I was wondering how that so-called "coilgun" works, I know what it does but I was wondering how it works under-the-hood and eventually how to make a basic one ? Also, how much energy would be required ?

  • 1
    \$\begingroup\$ Can you give a link describing exactly what you're thinking about? There are several related designs which do have some differences. \$\endgroup\$ – AndrejaKo Jan 8 '11 at 17:02
  • \$\begingroup\$ Well, it's not particularily one of them, but on youtube I see a few (more or less powerful) that launch some metal sticks - usually nails. Mainly what I'm asking is wether you need a single coil to build one or many, but also how it actually works, a-k-a how the energy is transfered to make the nail go forward. Also I was wandering if it would be better to have high current or high voltage. I am obviously understanding that this is the opposite of an alternator, but I am in secondary and just started studying them. As you might understand, my physics teacher wouldn't tell me about coilguns. \$\endgroup\$ – Alexandre Cassagne Jan 8 '11 at 17:46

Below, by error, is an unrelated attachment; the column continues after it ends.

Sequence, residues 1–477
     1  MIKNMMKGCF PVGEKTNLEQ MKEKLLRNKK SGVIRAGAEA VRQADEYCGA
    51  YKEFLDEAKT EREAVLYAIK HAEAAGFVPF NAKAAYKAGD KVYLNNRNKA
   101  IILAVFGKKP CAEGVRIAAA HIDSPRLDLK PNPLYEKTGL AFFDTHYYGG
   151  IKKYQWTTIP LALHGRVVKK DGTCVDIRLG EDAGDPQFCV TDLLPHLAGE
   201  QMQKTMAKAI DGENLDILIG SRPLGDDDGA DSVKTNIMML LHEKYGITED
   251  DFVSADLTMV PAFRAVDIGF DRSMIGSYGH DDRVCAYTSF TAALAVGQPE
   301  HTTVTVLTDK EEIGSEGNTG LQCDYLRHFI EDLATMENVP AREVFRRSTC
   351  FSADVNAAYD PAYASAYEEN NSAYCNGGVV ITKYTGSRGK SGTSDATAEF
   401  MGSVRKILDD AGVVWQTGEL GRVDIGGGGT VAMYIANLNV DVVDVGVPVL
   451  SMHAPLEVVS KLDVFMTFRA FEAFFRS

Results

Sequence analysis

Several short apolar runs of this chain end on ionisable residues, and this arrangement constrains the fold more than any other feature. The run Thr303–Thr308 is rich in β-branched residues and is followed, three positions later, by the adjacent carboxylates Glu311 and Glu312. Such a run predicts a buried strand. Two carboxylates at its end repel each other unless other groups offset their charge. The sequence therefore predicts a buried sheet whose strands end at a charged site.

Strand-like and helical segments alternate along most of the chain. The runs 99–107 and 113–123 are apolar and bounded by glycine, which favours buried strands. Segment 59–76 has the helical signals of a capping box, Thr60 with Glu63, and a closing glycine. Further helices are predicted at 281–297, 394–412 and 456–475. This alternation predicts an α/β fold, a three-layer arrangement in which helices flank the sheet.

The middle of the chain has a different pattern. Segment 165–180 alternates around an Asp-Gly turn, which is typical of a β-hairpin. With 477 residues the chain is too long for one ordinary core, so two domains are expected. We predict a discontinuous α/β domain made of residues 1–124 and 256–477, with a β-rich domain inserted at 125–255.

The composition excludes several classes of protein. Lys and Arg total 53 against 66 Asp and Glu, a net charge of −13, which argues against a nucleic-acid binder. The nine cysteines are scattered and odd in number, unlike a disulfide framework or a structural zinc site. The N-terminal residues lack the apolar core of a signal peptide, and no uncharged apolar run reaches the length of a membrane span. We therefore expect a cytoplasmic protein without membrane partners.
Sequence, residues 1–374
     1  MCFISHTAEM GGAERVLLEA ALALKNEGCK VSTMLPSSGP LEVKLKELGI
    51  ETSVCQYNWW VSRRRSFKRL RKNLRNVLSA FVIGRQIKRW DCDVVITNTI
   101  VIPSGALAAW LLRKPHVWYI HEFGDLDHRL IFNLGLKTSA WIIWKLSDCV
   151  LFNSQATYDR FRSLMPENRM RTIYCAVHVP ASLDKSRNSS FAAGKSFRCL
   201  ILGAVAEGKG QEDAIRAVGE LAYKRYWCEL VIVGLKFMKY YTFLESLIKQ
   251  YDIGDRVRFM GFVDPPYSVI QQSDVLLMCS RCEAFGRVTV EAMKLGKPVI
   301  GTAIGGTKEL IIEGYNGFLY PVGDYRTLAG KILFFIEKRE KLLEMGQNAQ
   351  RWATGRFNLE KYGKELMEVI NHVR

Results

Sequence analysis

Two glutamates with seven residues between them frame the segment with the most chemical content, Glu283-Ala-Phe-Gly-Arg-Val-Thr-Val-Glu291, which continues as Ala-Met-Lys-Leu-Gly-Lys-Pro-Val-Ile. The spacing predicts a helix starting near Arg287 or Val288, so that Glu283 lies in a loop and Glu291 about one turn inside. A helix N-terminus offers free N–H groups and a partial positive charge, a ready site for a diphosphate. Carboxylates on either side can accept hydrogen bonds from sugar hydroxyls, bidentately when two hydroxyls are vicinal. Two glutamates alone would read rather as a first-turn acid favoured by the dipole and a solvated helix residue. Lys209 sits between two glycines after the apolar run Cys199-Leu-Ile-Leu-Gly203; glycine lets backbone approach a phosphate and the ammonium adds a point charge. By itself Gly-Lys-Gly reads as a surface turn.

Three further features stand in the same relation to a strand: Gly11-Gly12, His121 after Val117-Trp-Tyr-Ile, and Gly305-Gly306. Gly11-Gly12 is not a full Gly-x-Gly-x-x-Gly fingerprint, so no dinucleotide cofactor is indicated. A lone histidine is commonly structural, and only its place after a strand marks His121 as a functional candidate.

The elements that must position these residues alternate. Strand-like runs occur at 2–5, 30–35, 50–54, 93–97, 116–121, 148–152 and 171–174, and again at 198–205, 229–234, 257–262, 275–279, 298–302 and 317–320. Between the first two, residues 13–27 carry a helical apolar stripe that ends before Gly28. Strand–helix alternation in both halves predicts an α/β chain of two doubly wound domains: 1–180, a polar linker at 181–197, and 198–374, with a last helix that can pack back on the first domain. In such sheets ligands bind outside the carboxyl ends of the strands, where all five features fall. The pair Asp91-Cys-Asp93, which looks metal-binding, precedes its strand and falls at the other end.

A coilgun is a series of coils that are successively energized as a conductive projectile made from magnetic material passes by them.


Each stage acts on similar principles to those of a solenoid. Current loops induce magnetic flux through their center:

As the conductive projectile approaches the air-core current loops, two things happen: the loop inductance increases and the projectile becomes magnetized. The magnetized projectile is then attracted to the loop magnetic field, accelerating towards it. As it approaches, inductance increases, completing a positive feedback loop such that the pull on the projectile and magnetic field created by the loops increase.
alt text

This process reaches a peak when the projectile is completely enclosed by the coil, where further travel decreases the loop's inductance. At this point, current through the loop is abruptly turned off so the projectile won't be slowed down by its continued attraction to the coil's magnetic field.
alt text alt text WikiPedia gif